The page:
Summary: 2nd in 5 part series. This is an all church campaign/study put out by Zondervan in order for us not to just go to church but be the church.


Faith In Action - Week 2

LUKE 10:25-37


How do you feel when you see this sign? (Detour sign) I doubt that there is anyone in this room that says when they see this sign, “Alright! I get to take a detour!” Instead you might feel a little anxious because you’re not sure where this detour will take you. Or frustrated because you are pressed for time and this detour will mess up your schedule.

But what would you do if you saw a sign that it made it completely your choice whether or not you took the detour. Maybe it said, "Detour our Your Usual Route - your choice!" What would you tend to usually do? In my more honest moments I have to admit I would be prone to take my usual route, especially if I knew the detour might cost me time, money, & personal frustration.

Well, today as we continue our series “Faith In Action,” we’re going to talk about detours. Not the kind of detours that you encounter while driving, but the kind of detours that come at you as you are traveling the highway of life, life detours. Some detours in life come at you, and there’s no way you can choose to take your normal route. A serious illness, you’re laid off from your job, a loved one dies, a spouse walks out... those detours don’t give you a choice. But there are other times in your life when you have a choice to get off your normal path and take a detour, a detour that will enable you to help someone in need. When the chance to serve someone comes are you the kind of person who will follow the sign that says “Take your normal and comfortable route” or take the “Detour Ahead?”

Well, Jesus Christ asks us that very question. Tonight we are going to look at a person in the Bible who decided to take a detour on his road of life in order to be of service to someone else. It wouldn’t surprise me if you have heard of him. He is known as the “Good Samaritan.” You see tonight we’re going to take a page from the late Mr. Rogers and ask, “Won’t you be my neighbor?” As we look at this story I want us to see how Jesus wants to challenge and change us in the area of serving others.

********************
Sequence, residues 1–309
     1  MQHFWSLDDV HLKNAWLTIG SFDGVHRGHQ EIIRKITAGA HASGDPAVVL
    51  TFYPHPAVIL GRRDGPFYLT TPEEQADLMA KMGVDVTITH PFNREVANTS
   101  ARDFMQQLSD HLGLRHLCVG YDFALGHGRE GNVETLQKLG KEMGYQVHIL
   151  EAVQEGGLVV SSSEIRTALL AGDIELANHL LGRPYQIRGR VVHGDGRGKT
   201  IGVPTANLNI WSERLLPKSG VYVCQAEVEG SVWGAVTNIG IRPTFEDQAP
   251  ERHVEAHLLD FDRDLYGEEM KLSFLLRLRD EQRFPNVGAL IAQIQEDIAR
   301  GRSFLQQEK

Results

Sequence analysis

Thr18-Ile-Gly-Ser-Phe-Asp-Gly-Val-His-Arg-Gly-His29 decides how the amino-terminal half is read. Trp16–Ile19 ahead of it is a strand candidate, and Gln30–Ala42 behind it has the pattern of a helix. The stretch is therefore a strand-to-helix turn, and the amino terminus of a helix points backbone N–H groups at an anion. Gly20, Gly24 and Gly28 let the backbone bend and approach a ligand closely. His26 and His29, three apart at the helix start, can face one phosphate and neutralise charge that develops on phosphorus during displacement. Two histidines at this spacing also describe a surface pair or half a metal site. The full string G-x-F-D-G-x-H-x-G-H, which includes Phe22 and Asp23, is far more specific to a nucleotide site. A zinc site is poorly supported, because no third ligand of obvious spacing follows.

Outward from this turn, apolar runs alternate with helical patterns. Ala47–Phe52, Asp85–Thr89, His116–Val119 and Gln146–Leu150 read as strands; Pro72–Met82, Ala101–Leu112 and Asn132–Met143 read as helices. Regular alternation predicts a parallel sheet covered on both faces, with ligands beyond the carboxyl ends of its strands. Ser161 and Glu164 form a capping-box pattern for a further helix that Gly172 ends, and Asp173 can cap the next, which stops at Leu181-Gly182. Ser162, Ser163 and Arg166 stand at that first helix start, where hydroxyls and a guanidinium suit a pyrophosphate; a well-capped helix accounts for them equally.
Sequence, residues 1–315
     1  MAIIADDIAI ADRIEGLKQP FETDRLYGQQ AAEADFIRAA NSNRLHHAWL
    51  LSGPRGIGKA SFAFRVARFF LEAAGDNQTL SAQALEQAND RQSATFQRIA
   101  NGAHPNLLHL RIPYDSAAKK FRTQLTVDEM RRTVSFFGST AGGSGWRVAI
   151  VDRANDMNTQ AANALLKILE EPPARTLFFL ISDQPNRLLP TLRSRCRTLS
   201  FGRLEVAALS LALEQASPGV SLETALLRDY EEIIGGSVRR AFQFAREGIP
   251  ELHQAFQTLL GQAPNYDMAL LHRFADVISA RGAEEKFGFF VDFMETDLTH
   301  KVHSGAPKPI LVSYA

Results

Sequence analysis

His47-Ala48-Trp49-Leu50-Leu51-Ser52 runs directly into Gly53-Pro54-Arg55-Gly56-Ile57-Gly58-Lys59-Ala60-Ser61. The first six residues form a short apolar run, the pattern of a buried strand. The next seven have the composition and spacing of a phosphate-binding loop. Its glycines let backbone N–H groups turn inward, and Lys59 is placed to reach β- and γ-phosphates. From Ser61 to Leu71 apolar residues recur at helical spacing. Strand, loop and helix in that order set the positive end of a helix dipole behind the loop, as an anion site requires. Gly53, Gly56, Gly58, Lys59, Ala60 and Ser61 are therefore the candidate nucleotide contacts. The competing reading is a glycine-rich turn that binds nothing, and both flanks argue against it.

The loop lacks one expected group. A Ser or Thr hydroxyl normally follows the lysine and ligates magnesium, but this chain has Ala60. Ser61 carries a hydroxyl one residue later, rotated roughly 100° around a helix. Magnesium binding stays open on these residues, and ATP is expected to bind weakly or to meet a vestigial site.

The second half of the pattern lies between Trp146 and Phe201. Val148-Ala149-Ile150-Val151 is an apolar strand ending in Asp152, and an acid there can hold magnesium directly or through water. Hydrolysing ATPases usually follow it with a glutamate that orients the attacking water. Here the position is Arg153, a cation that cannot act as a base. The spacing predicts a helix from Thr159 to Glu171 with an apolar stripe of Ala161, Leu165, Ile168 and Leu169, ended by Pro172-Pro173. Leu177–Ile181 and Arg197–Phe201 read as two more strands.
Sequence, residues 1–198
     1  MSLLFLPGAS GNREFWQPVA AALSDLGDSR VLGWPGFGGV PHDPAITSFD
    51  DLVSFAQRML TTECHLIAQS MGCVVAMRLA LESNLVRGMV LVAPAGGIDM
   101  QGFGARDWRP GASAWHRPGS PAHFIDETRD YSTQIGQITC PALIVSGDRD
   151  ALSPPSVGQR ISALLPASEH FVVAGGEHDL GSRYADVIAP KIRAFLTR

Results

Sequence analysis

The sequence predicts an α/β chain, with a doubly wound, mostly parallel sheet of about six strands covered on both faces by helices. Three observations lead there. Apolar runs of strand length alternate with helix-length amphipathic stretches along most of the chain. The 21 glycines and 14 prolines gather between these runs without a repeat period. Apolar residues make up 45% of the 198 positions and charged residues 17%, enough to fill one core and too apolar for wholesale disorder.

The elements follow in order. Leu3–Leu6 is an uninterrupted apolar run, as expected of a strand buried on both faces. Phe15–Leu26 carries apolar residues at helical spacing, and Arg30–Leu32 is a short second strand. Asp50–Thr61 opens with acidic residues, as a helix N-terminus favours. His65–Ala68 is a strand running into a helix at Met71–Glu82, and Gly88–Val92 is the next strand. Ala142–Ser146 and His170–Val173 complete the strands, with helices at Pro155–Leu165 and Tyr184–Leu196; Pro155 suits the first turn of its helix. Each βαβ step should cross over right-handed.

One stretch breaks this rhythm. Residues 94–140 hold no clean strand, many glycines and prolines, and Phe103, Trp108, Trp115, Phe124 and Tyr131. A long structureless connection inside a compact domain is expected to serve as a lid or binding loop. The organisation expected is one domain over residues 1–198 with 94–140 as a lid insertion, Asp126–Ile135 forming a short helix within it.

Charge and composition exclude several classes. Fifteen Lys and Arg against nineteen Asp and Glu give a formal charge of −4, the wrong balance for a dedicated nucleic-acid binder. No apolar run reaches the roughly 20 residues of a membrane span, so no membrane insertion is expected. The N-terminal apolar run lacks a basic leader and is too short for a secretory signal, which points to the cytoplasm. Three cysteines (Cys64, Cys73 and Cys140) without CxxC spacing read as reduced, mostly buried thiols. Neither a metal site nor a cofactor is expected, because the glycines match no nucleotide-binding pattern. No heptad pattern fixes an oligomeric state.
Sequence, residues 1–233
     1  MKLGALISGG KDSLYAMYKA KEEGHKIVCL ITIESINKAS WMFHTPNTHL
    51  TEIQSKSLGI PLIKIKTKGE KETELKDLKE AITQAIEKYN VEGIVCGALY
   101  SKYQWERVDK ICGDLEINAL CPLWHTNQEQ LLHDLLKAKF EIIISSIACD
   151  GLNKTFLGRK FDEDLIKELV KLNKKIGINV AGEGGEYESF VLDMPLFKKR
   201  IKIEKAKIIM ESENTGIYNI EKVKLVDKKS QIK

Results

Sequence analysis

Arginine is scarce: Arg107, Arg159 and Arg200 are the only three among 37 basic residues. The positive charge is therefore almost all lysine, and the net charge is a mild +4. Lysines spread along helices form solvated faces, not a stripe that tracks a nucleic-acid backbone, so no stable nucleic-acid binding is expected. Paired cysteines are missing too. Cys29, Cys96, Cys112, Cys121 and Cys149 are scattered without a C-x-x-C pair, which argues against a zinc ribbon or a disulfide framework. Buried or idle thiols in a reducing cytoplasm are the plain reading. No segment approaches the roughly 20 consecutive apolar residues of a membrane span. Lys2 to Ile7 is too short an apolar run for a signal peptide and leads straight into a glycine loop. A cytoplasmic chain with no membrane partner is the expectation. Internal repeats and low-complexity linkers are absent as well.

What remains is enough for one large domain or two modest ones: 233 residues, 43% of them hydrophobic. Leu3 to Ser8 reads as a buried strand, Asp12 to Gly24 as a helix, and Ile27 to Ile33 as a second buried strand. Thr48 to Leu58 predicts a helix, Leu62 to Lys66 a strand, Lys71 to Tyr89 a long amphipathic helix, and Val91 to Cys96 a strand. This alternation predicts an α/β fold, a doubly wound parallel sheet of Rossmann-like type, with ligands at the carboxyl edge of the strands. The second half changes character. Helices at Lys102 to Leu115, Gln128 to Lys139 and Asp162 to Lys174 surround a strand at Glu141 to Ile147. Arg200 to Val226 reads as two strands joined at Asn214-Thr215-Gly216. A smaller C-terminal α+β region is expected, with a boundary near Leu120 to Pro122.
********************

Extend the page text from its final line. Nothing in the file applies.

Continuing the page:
First, I want us to see that when it comes to serving Jesus checks our motivation. Let’s begin by reading the background to this story. Here’s how it came about. “On one occasion an expert in the law stood up to test Jesus. ‘Teacher,’ he asked, ‘What must I do to inherit eternal life?’ 26 ‘What is written in the Law?’ He replied. ‘How do you read it?’”(Lk 10:25-26) Sometime during Jesus’ ministry, he encounters a religious lawyer of his day. Now, this is not the kind of lawyer who goes to court in a civil or criminal case. This “lawyer” is an expert in Old Testament Law. He is a religious lawyer and the question he asks Jesus is basically: “What do I have to do to have eternal life?” Basically, he is asking, “What must I do to be saved?” But it is clear that his thirst for knowledge is not his primary motivation. Vs: 25 tells us that he asked the question, not with a teachable heart but this properly schooled lawyer was testing the popular, but unofficial, teacher to see if he could expose that Jesus couldn’t handle a tough theological question. But Jesus, being the Master Teacher turns the question around in v.26 and basically says, “Hey, you’re the expert, don’t you know the answer?”

Well, the lawyer can’t resist the temptation to show off his religious sophistication. Actually his answer shows a good bit of insight. He answers: “Love the Lord your God with all your heart and with all your soul and with all your strength and with all your mind, and, Love your neighbor as yourself.” Jesus says, “Good job! You get an A+” I think the guy is smirking, feeling good about himself. If only Jesus would of stopped there. But He doesn’t and says, “Do this and you will live.” In other words, “Does your walk back up your talk? Are you just a lawyer with right answers or do you practice what you preach?” You see it’s one thing to know the right thing, it’s quite another thing to do it. Jesus knew this guy’s heart... and knew that the motivation for asking the question was not near as pure as his answer.

Let’s read verse 29. This is an important verse, because in it you see this lawyer’s second motive. “But he wanted to justify himself, so he asked Jesus, ‘And who is my neighbor?’” You see his first motive was that he hoped to expose Jesus to be someone uneducated, but secondly, when that doesn’t work and he is confronted with something uncomfortable, he begins to defend or justify himself. He does this by trying to narrowly define a word. “What is your definition of “neighbor?” Now, I think it’s important to understand that the classic interpretation for “neighbor” by the Jews at this time meant “one who is near,” near in terms of race and religion. To the lawyer “love your neighbor” meant love those of your own race and religion, and if the person doesn’t fit these qualifications, then they aren’t a neighbor, and the law doesn’t apply.

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